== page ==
Goins v. Norris

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Justia Opinion Summary

Appellant Jessie Goins was convicted by a jury of aggravated robbery and was sentenced as a habitual offender to life imprisonment. The Supreme Court affirmed. Appellant subsequently filed a petition for writ of habeas corpus. The petition was denied by a written order. Appellant then filed a second petition for writ of habeas corpus, asserting the same grounds for the writ as he alleged in the earlier habeas petition. The petition was denied. The Supreme Court affirmed, holding (1) the circuit court did not err in determining that the claims presented in Appellant's petition were not the kind that could support habeas-corpus relief; and (2) the circuit court did not err in determining that Appellant's second point was not cognizable in a habeas-corpus petition.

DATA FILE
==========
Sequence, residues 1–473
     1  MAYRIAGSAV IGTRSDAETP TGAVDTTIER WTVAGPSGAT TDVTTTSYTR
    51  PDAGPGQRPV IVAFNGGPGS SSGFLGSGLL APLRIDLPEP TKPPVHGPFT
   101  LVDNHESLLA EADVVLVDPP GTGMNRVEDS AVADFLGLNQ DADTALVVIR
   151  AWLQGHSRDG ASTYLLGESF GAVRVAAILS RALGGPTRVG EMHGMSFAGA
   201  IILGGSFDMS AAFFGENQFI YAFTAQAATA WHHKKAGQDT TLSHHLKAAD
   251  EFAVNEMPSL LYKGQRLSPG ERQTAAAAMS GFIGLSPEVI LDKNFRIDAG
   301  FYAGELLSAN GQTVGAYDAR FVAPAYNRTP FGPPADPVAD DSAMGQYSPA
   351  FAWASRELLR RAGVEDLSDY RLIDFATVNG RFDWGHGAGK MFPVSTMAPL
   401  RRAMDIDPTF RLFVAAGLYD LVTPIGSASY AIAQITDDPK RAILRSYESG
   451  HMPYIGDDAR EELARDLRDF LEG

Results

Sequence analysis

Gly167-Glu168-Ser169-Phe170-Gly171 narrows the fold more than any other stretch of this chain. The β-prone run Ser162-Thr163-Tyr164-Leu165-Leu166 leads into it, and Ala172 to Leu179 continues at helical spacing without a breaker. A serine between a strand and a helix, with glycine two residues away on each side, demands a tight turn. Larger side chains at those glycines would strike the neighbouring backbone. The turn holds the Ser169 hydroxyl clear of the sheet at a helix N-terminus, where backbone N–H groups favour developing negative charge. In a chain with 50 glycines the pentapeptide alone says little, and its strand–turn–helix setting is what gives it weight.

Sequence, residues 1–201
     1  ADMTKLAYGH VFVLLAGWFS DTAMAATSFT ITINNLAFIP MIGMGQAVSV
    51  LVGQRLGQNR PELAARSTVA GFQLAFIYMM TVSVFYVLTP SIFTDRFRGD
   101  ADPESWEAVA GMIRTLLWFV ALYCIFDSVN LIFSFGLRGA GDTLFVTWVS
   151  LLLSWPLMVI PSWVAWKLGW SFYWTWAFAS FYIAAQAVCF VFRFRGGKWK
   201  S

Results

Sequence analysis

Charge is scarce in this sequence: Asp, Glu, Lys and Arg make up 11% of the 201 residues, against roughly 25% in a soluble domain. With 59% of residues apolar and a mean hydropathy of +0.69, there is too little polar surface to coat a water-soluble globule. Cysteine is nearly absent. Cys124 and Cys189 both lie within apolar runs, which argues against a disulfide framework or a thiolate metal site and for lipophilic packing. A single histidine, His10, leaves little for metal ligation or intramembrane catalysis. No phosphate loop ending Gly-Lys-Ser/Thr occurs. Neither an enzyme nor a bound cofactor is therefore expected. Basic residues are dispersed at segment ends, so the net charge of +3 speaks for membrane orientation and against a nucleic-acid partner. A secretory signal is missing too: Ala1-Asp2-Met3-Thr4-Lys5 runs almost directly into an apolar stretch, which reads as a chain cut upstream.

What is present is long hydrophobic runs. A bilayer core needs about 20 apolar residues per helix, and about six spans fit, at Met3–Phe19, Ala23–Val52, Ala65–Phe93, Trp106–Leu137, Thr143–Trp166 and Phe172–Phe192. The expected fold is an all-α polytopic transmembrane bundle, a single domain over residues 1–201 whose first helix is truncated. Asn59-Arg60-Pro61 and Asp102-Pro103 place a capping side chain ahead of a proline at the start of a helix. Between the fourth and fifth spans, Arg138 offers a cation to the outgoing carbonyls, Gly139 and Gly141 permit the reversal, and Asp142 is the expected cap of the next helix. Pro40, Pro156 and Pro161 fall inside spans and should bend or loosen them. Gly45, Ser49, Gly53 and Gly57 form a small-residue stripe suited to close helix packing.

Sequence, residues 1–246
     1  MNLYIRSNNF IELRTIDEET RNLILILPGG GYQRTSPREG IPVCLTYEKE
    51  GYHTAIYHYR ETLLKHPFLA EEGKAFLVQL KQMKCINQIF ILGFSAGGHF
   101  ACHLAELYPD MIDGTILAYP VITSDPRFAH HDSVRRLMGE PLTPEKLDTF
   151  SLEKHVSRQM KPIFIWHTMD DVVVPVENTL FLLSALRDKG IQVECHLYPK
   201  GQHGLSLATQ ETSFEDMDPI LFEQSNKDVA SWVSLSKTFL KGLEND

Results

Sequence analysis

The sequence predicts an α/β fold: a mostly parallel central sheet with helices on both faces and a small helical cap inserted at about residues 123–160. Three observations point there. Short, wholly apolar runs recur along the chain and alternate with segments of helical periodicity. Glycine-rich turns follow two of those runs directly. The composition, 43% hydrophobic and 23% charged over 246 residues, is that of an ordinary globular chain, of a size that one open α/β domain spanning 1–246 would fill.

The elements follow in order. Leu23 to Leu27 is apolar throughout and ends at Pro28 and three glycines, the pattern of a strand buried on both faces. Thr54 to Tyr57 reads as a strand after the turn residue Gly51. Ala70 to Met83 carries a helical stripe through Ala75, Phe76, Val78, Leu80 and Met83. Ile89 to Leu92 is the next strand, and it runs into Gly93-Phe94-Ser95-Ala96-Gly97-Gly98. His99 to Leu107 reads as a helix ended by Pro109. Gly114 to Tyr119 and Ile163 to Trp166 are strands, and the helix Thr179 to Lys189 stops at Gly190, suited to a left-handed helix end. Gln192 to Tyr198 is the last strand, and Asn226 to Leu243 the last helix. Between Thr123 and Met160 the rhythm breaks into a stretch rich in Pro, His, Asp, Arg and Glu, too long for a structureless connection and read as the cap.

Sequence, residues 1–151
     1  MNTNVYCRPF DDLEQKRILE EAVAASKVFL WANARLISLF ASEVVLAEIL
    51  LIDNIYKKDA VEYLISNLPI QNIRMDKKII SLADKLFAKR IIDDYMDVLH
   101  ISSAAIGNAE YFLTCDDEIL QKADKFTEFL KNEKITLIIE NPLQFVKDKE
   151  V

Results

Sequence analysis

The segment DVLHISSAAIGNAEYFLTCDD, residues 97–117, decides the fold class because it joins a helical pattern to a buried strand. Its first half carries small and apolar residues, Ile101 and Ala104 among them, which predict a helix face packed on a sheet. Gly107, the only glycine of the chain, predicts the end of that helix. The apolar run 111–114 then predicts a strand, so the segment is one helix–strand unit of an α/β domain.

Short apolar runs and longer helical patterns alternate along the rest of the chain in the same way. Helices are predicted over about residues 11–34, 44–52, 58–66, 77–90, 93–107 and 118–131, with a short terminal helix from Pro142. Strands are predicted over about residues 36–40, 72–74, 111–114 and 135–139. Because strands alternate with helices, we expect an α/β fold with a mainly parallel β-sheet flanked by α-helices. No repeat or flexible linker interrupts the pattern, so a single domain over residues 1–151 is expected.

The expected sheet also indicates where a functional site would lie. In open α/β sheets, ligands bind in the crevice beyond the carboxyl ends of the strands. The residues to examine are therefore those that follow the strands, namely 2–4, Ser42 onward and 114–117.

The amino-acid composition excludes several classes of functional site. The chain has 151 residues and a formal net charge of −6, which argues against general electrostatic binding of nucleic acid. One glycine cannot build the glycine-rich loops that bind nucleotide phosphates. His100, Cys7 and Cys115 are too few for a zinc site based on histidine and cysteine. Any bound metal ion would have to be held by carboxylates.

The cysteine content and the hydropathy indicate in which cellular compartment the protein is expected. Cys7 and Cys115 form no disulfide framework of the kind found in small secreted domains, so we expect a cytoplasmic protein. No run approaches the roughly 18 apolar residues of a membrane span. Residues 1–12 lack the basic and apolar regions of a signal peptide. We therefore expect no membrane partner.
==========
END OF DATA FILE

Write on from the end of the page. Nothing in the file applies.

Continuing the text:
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Cite as 2012 Ark. 192 SUPREME COURT OF ARKANSAS No. 10-376 Opinion Delivered JESSIE GOINS APPELLANT v. LARRY NORRIS, DIRECTOR, ARKANSAS DEPARTMENT OF CORRECTION APPELLEE May 3, 2012 PRO SE APPEAL FROM THE JEFFERSON COUNTY CIRCUIT COURT, CV 2009-1202, HON. JODI RAINES DENNIS, JUDGE AFFIRMED. PER CURIAM Appellant Jessie Goins was convicted by a Grant County jury of aggravated robbery, and he was sentenced as a habitual offender to life imprisonment. This court affirmed. Goins v. State, 318 Ark. 689, 890 S.W.2d 602 (1994). Subsequently, appellant filed an untimely petition for postconviction relief pursuant to Arkansas Rule of Criminal Procedure 37.1 (1994) that was denied, and this court dismissed his appeal from that order. Goins v. State, CR 95-653 (Ark. July 3, 1995) (unpublished per curiam). In 2002, appellant filed in the circuit court a petition to correct his sentence pursuant to Arkansas Code Annotated section 16-90-11 (Supp. 1995), in which he contended that his sentence was illegal. That petition was denied, and this court affirmed. Goins v. State, CR 02-972 (Ark. Apr. 24, 2003) (unpublished per curiam).1 The following year, appellant filed a petition 1 Appellant s motion for reconsideration of our decision was denied. Goins v. State, CR 02-972 (Ark. Oct. 9, 2003) (unpublished per curiam). Cite as 2012 Ark. 192 for writ of habeas corpus in the circuit court of the county in which he was incarcerated, and the petition was denied by written order. This court dismissed appellant s appeal of that order due to appellant s failing to timely lodge the record on appeal. Goins v. Norris, 05-142 (Ark. Mar. 31, 2005) (unpublished per curiam). Nearly five years later, appellant filed a second petition for writ of habeas corpus, asserting the same grounds for the writ as he alleged in the 2004 habeas petition: (1) the judgment of conviction was facially illegal, invalid, and unconstitutional; (2) the trial court lacked jurisdiction; (3) appellant was being detained without lawful authority; (4) appellant was actually innocent of the crime for which he was convicted; (5) the trial court lacked the jurisdiction to instruct the jury on the charge of aggravated robbery and the habitual-offender enhancement because the State alleged that appellant had committed aggravated assault and had never charged the habitual-offender enhancement. This petition was denied, and it is from this denial that appellant brings the instant appeal. On appeal, appellant asserts two arguments. First, he argues that the circuit court erred in determining that the claims presented in appellant s petition were not the kind that could support habeas-corpus relief. Second, appellant claims that the trial court lacked subject-matter jurisdiction to convict him of a charge that was not spelled out in the felony information charging appellant. A writ of habeas corpus is only proper when a judgment of conviction is invalid on its face or when a circuit court lacked jurisdiction over the cause. Ashby v. State, 2012 Ark. 48 (per curiam); Willis v. Hobbs, 2011 Ark. 509; Daniels v. Hobbs, 2011 Ark. 192 (per curiam); Abernathy 2 Cite as 2012 Ark. 192 v. Norris, 2011 Ark. 335 (per curiam); Davis v. Reed, 316 Ark. 575, 873 S.W.2d 524 (1994). The burden is on the petitioner in a habeas-corpus petition to establish that the trial court lacked jurisdiction or that the commitment was invalid on its face; otherwise, there is no basis for a finding that a writ of habeas corpus should issue. Young v. Norris, 365 Ark. 219, 226 S.W.3d 797 (2006) (per curiam). The petitioner must plead either the facial invalidity or the lack of jurisdiction and make a showing by affidavit or other evidence [of] probable cause to believe that he is illegally detained. Id. at 221, 226 S.W.3d at 798 99. The trial court held that appellant s allegations did not demonstrate a lack of jurisdiction by the trial court or that his commitment was invalid on its face, and the allegations were the type that should have been raised at trial or on direct appeal. The gravamen of appellant s first argument is that the felony information by which he was charged was defective in that the information purported to charge appellant with aggravated robbery, but the description of the crime contained in the information was that of aggravated assault. Further, appellant points out that the felony information contained no mention of appellant s being a habitual offender, yet the judgment of conviction shows that appellant was convicted as a habitual offender under Arkansas Code Annotated section 5-4-501 (Repl. 1993). Based on these flaws, appellant argues that his sentence was facially illegal, invalid, and unconstitutional within the meaning of the habeas statute, and the circuit court erred in determining that appellant had not presented a habeas issue. Appellant s argument concerning the description of the crime contained in the information is, essentially, that the State failed to provide sufficient information to allow 3 Cite as 2012 Ark. 192 appellant to identify the crime with which he was charged. This type of claim is not cognizable in a petition for writ of habeas corpus. See Willis v. Hobbs, 2011 Ark. 509 (per curiam) (holding that claims of failure to include sufficient information to identify the crime are not cognizable in a habeas-corpus petition); see also Davis v. State, 2011 Ark. 88 (per curiam) (claims alleging that an information is defective generally are not considered to be jurisdictional and are not cognizable in a petition for writ of habeas corpus). Furthermore, the circuit court did not need to consider appellant s claim that he was never charged as a habitual offender, because appellant s petition failed to demonstrate probable cause to believe that his sentence is illegal. The felony information charged appellant with aggravated robbery, and the judgment-and-commitment order shows that appellant was convicted of aggravated robbery and sentenced to life imprisonment. Arkansas Code Annotated section 5-12-103 (Repl. 2005) defines aggravated robbery as a Class Y felony, for which Arkansas Code Annotated section 5-4-401(a)(1) (Repl. 2005) allows a sentence of not less than ten (10) years and not more than forty (40) years, or life. The habitual-offender enhancement as applicable to appellant allows for a sentence upon conviction of a Class Y felony of not less than ten (10) years nor more than life. Ark. Code Ann. § 5-4-501(b)(2)(A). Appellant s sentence was therefore within the statutory range, irrespective of any enhancement as a habitual offender, and a sentence that is within the prescribed range is not illegal. See Reed v. Hobbs, 2012 Ark. 61 (per curiam). The other argument raised by appellant on appeal is that the circuit court lacked subjectmatter jurisdiction to convict him of a charge that was not spelled out in the felony information. 4 Cite as 2012 Ark. 192 As this claim is merely a challenge to the sufficiency of the charging information, such a claim should have been raised prior to trial and is not cognizable in a petition for writ of habeas corpus.2 See Willis, 2011 Ark. 509; see also Davis, 2011 Ark. 88. The circuit court was therefore not clearly erroneous in determining that appellant s argument on this point was not cognizable in a habeas-corpus petition. Appellant has failed to demonstrate that the circuit court s denial of his petition for writ of habeas corpus was clearly erroneous. Accordingly, the circuit court s decision is affirmed. Affirmed. 2 Moreover, we note that appellant is incorrect; he was charged with aggravated robbery, in violation of Arkansas Code Annotated section 5-12-103, and the circuit courts have subjectmatter jurisdiction over violations of Arkansas s criminal statutes. See Vickers v. Norris, 2012 Ark. 160 (per curiam); Ark. Const. amend. 80, § 6. 5